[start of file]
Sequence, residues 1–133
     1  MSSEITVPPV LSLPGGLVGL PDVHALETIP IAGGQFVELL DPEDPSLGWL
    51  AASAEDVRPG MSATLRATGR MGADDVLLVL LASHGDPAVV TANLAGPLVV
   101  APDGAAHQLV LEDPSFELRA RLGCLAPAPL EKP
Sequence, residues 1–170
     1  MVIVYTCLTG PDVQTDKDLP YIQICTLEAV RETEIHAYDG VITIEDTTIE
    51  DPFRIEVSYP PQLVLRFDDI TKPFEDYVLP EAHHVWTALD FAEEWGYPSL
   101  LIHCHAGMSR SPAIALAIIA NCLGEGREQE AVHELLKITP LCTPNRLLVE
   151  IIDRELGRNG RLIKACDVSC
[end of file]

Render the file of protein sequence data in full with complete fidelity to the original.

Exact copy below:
Sequence, residues 1–133
     1  MSSEITVPPV LSLPGGLVGL PDVHALETIP IAGGQFVELL DPEDPSLGWL
    51  AASAEDVRPG MSATLRATGR MGADDVLLVL LASHGDPAVV TANLAGPLVV
   101  APDGAAHQLV LEDPSFELRA RLGCLAPAPL EKP
Sequence, residues 1–170
     1  MVIVYTCLTG PDVQTDKDLP YIQICTLEAV RETEIHAYDG VITIEDTTIE
    51  DPFRIEVSYP PQLVLRFDDI TKPFEDYVLP EAHHVWTALD FAEEWGYPSL
   101  LIHCHAGMSR SPAIALAIIA NCLGEGREQE AVHELLKITP LCTPNRLLVE
   151  IIDRELGRNG RLIKACDVSC